By Steve Gardner
Consumers can breathe, or at least eat, a little easier. This past week two major food companies stopped a deceptive practice — claiming that their drinks were “natural” when they were sweetened with high-fructose corn syrup (HFCS). Both companies acted after legal action by the DC-based nutrition and health advocacy group Center for Science in the Public Interest (CSPI). I’m Litigation Director for CSPI.
On Monday, January 8, CSPI sued Kraft Foods for claiming that Capri Sun drinks were “natural,” when in fact HFCS was the second ingredient after water. The company immediately announced that it was completely getting rid of the “natural” claim. The same day, Kraft announced that it was getting rid of the “natural” claim.
Then, on Friday, January 12, Cadbury Schweppes announced that it, too, would stop calling HFCS-filled 7UP “all natural.” This announcement culminated several months of negotiations between Cadbury and CSPI.
It may sound as though HFCS comes from corn in the same way sugar comes from sugar cane or sugar beets. Not so. HFCS is created by a complex industrial process performed in refineries using centrifuges, hydroclones, ion-exchange columns, backed-bed reactors, and other high-tech equipment. Starch is extracted from corn and then converted by acids or enzymes to glucose. Then, some of the glucose is further converted by enzymes into fructose. HFCS has only been widely used in food since the 1980s.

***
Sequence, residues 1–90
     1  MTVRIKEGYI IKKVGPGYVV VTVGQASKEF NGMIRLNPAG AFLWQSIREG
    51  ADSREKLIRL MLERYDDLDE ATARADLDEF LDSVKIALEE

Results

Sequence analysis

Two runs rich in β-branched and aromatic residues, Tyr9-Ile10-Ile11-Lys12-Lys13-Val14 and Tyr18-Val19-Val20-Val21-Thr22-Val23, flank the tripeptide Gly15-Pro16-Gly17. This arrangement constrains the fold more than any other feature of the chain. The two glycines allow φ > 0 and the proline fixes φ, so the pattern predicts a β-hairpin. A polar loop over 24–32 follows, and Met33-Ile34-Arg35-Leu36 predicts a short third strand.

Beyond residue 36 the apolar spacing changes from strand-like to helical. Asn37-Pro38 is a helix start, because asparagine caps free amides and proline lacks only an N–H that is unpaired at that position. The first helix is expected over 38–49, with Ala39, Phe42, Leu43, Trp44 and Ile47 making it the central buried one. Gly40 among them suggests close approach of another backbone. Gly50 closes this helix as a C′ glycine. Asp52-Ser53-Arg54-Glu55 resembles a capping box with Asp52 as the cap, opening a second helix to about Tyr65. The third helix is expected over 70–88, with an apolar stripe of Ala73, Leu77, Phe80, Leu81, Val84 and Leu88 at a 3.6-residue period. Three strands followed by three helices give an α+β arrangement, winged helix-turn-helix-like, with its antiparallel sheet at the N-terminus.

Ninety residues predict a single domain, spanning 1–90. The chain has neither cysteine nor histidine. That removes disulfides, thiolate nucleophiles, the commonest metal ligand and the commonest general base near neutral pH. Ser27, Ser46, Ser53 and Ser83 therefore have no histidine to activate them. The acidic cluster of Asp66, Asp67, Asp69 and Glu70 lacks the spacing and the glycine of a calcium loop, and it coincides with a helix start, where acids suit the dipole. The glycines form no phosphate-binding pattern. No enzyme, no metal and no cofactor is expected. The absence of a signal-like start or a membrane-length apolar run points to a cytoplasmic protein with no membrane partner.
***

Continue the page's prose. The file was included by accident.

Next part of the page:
The fact that chemical bonds are broken and rearranged in their production disqualifies them from being called “natural.” For instance, although a scientist might be able to produce sugar by rearranging the molecules of any number of things that contain carbon, hydrogen, and oxygen, the result would not be “natural” sugar.
As a result, consumers who want to buy “natural” foods can do so with more confidence. This is a great example of the power of public interest litigation. CSPI’s Litigation Project was launched in 2004, because the FTC and the FDA have abandoned their responsibilities to protect the public from deceptive marketing. In that short time, it has negotiated with or sued many food companies for a variety of deceptive or unfair practices, everything from stopping deceptive claims that a product has fruit in it to forcing KFC to get rid of trans fat to persuading the soft drink companies to remove regular soft drinks from schools.
Without the consumer pressure at work here, these companies would have merrily rolled along, deceiving consumers and hurting other companies that chose to sell their products honestly.
If you know about a deceptive or harmful practice involving food or other nutrition issues, please contact me. We are always watching for the next big food fight.